We told you last week about a report from North Korea that an uncle of Kim Jong Un, the country's leader, was dismissed from a key defense post.
The uncle in question is Jang Song Thaek, who is married to the sister of Kim's late father, Kim Jong Il. As NPR's Scott Neuman noted, there have been previous reports of Jang's dismissal only for him to be back in power, apparently rehabilitated. Well, not this time — or so it would seem.
North Korea's official Korean Central News Agency has broadcast images of uniformed guards escorting Jang from a Communist Party session. Here is one of those images:
The Associated Press points out that Kim could be sending a message by purging his own uncle.
"While the rest of North Korea's top brass leaped to their feet before Kim Jong Un, clapping wildly in a requisite show of respect at high-level meetings, his uncle, Jang Song Thaek, often seemed nonchalant, at times even bored. Once considered the force behind the young leader, he displayed a bold insouciance that seemed calculated to show he was beyond reach.
"So by purging his own uncle, Kim has delivered a more chilling message: No one is beyond reach, not even family.
"Jang's fall from grace, accompanied by allegations from corruption to womanizing and capped by his dramatic arrest at a party meeting Sunday, has no doubt spooked Pyongyang's elite. It also suggests Kim is still trying to consolidate the power he inherited from his father two years ago.
"This is far from Kim's first purge. Several defense ministers and army chiefs have been replaced as the Workers' Party has asserted control over the military after 17 years of military-first rule under late leader Kim Jong Il.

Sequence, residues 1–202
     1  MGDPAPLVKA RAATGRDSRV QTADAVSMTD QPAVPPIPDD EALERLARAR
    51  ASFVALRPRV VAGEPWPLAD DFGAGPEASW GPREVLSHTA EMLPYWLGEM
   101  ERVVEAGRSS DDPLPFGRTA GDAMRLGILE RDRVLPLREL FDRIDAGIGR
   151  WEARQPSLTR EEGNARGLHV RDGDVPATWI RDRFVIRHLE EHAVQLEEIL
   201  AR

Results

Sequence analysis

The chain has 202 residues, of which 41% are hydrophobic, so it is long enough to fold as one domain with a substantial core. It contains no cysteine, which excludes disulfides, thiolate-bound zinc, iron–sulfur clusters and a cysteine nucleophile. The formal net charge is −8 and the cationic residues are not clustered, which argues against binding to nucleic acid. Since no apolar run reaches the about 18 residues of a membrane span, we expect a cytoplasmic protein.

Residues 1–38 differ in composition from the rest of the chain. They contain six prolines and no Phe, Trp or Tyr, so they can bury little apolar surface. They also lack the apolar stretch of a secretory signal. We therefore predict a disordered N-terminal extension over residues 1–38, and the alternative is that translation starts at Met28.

But it is the ouster of Jang, who had been considered North Korea's second-most-powerful figure, that sends the strongest signal to anyone seeking to challenge Kim Jong Un."
Jang, until recently, was seen as close to Kim Jong Un and was seen in many photographs with his nephew, such as the one below:
South Korea's Yonhap news agency reported that Jang was dismissed from all posts for trying to "form his own faction within the ruling party." It cited the north's official KCNA. Here's more:
"The party's political bureau also alleged that Jang, who had held several senior positions in the government, abused his power and had improper relations with several women, abused drugs and squandered foreign currency at casinos while receiving medical treatment abroad."
Yonhap reported that Yang's whereabouts are unclear, but that he could be sent to a political prison camp.